Since the 12th century our views of the economy have been constantly changing. What is going on in "our world" have always shaped peoples opinions of everyday outcomes. Each of the Schools of thought/Economic thinkers show what was going on during their time through their visions. They also show how value has changed through what people during the different times found important. Every School of thought and Economic thinker, no matter how right or wrong, has contributed to how we think today about some of the most complicated and minuscule isses. All of these people and sociteies are imperative to todays development.


12th century - 16th century
scholastics or schoolmen
a method of critical thought which dominated teaching by the academics of medieval universities in Europe
a strong emphasis on dialectical reasoning to extend knowledge by inference, and to resolve contradictions
Students were taught to argue from reason, experience, and authority



16th century - late 18th century
is the economic doctrine in which government control of foreign trade is of paramount importance for ensuring the prosperity and security of the state
demands a positive balance of trade
dominated Western European economic policy and discourse
The exportation of finished goods was favored over extractive industries like farming
The goal of these policies was, supposedly, to achieve a “favorable” balance of trade that would bring gold and silver into the country and also to maintain domestic employment



second half of the 18th century
theories originated in France
a group of economists who believed that the wealth of nations was derived solely from the value of "land agriculture" or "land development."
Francios Quesnay Tableau Enominique
a model of the flows of commodities among the three sectors

man_arrow.pngAfter schools of thought were present, people themselves begin to develop their own ideas on how the economy should, would, and could function.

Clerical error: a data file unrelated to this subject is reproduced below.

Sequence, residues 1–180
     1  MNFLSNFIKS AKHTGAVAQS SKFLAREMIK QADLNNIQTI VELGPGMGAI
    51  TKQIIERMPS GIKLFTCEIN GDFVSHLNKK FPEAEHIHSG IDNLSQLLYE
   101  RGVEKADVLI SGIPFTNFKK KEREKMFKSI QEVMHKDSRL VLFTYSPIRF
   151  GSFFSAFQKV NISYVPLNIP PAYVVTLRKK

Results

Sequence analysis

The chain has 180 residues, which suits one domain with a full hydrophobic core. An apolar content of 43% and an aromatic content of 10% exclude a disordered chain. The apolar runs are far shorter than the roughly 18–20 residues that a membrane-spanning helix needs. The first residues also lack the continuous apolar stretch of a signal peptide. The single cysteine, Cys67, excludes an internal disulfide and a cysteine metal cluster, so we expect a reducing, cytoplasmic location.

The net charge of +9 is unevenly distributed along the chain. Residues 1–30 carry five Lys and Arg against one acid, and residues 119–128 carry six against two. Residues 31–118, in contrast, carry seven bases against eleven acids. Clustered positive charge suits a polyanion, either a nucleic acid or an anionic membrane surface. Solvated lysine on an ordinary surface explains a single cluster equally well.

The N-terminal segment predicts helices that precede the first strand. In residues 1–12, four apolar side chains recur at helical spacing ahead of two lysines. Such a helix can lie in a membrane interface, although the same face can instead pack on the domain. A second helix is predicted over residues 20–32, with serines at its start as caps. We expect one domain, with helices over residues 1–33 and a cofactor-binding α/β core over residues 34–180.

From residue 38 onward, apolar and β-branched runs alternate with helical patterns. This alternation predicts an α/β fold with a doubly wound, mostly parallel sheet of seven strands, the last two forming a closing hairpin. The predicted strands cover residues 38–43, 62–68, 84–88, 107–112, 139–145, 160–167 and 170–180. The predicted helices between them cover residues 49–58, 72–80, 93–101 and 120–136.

Adam Smith
18th century
Lassiez Faire
a doctrine opposing governmental interference in economic affairs beyond the minimum necessary for the maintenance of peace and property rights
“system of natural liberty” where individual effort was the producer of social good
explanation of how rational self-interest in a free-market economy leads to economic well-being



Thomas Robert Malthus
late 18th century - mid 19th century
Malthusian Population Priniciple
widely known for his theories about population and its increase or decrease in response to various factors
thought that the dangers of population growth would preclude endless progress towards a utopian society
food production tends to increase arithmetically, population tends to increase naturally at a geometric rate



David Ricardo
19th century
law of comparative advantage
a fundamental argument in favour of free trade among countries and of specialisation among individuals
opposed the protectionist Corn Laws, which restricted imports of wheat
The Iron Law of Wages
a proposed law of economics that asserts that real wages always tend, in the long run, toward the minimum wage necessary to sustain the life of the worker



J.S. Mill
mid 19th century - late 19th century
contributor to social theory, political theory, and political economy
his conception of liberty justified the freedom of the individual in opposition to unlimited state control
He was a proponent of utilitarianism, an ethical theory developed by Jeremy Bentham
Principle of Utility
an ethical theory holding that the proper course of action is the one that maximizes the overall "happiness" for the greatest number of people